“I didn’t want his sympathy as a father. I wanted him to use his power as Prime Minister. I wanted him to wield the weight of his office and drive change in the party and our Parliament.” Brittany Higgins
There is a litany of research supporting the “daughter effect,” dating back more than 30 years now – venture capitalists are more likely to hire women, judges with daughters are more likely to rule in favour of women and girls, and CEOs with daughters run more socially responsible firms.
I can attest to tolerating (read: sitting on my hands and attempting to hide my grimace) man’s belief in gender equality because it was enabling progress. But I, like many, changed my stance when Australian Prime Minister Scott Morrison responded to allegations of rape at Parliament House with this:
“Jenny and I spoke last night. And she said to me ‘You have to think about this as a father first. What would you want to happen if it were our girls?”
Why? Because while perhaps well intended, the inference is that women and girls are only worthy of care, respect, the right to safety and importantly, the right to dignity because they are someone’s daughter, wife, sister, or mother. The belief is in direct conflict with the universal declaration of human rights that “All human beings are born free and equal, in dignity and rights.”
Of course, when Brittany Higgins delivered her spine-tingling address at the National Press Club last week, she reminded us that the role of leaders in ending gender inequality requires much more than a benevolent interest. Leadership positions – in this case that of Prime Minister – gives leaders both power and privilege, and therefore a responsibility to ensure the safety of those with less privilege, less power.
Wherever there is an imbalance of power, inequality is prevalent
In the past 10 years, Australia alone has seen tens of reports, enquiries and royal commissions reveal the devastating impact that comes from abuse of power, and, I’d now say a benevolent understanding of the case for gender equality in workplaces.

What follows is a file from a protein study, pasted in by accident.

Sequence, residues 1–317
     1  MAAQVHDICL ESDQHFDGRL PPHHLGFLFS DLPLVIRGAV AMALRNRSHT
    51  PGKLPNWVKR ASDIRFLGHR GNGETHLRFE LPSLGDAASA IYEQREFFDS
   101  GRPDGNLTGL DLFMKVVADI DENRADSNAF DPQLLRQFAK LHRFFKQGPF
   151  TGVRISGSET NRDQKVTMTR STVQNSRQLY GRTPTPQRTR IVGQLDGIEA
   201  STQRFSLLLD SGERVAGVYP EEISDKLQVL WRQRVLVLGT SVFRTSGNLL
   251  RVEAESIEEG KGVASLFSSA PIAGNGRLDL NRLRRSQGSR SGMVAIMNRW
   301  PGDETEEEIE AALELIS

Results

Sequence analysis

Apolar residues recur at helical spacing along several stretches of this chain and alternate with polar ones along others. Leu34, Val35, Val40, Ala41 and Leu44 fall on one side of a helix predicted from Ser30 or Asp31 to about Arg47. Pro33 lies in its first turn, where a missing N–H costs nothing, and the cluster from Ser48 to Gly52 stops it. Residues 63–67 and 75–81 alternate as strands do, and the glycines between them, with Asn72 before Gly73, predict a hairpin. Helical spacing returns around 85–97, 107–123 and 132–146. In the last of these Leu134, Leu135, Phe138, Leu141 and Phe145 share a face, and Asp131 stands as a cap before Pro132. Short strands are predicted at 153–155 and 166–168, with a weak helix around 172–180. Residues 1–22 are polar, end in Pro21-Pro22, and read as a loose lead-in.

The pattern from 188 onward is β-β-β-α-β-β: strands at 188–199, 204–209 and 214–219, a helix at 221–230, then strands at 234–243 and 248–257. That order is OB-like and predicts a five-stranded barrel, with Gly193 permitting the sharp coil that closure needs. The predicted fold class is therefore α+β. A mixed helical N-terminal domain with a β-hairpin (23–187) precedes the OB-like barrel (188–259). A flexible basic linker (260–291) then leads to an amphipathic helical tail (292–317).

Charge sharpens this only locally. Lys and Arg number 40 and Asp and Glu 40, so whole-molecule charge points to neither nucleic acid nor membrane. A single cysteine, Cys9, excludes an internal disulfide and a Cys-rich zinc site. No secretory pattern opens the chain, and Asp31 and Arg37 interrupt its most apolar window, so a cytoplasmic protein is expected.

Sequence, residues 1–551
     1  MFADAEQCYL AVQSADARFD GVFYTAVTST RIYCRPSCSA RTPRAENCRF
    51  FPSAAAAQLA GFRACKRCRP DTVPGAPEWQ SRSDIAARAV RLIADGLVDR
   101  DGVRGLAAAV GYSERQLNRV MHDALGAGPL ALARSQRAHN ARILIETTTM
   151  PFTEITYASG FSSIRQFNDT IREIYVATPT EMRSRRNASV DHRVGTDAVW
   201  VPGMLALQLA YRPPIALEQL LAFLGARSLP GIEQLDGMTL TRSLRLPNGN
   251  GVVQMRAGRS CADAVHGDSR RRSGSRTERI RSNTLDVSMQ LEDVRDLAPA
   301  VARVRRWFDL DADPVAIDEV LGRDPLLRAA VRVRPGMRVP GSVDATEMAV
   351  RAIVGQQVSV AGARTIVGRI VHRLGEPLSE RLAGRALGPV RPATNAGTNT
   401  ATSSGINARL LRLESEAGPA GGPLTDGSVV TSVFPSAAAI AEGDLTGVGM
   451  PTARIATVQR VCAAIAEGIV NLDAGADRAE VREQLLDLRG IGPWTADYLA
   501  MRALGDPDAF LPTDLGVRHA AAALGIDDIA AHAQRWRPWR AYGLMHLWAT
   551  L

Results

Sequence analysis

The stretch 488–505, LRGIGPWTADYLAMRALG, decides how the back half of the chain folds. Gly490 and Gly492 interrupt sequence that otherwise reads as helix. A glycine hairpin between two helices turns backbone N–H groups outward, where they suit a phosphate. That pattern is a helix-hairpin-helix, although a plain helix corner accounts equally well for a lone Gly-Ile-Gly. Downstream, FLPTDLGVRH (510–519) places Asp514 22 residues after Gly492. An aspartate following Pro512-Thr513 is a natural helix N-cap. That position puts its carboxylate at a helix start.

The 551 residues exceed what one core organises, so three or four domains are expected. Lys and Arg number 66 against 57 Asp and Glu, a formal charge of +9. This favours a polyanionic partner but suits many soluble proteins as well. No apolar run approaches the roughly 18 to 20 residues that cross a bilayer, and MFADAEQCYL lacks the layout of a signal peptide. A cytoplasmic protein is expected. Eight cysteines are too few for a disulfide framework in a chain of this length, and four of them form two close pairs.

As Higgins said, “Task forces are great. Codes of conduct are important. But only if it’s paired with institutional change.” And to achieve that, leaders must recognise the role they have to play in authorising culture, in understanding their systems of governance and how they can impact gender inequality, as well as the levers they can pull to accelerate equality.
Critically, leaders also have a responsibility to invest in the empowerment of those with less privilege, in those who may be vulnerable and instilling in them a belief that they matter. That they are worthy, that their dignity matters and that they can call out and report unwelcome behaviours without fear of vilification and victimisation.
And we must ensure that the focus is on all those with less privilege. As Bridget Brennan writes, “While Australia has been undergoing a national conversation regarding women’s safety, it’s painful to First Nation’s women to see our stories are sidelined, placed at the back of news bulletins or not told at all.” We cannot achieve gender equality unless dignity, equal rights and respect is afforded to all.
Many years ago, in dealing with a sexual harassment experience, the advice I received from well-meaning family and friends was that taking action against the perpetrator would ruin my career, that I would never get another job because my reputation would be as a ‘trouble maker.’
I’m inspired by Brittany Higgins’ and Grace Tame’s speeches at the National Press Club last week, and their worthy revolution of ‘trouble makers’ committed to holding leaders accountable for safeguarding against abuse of power, because all people are worthy of care, respect, dignity and safety, regardless of their relationship to another (male).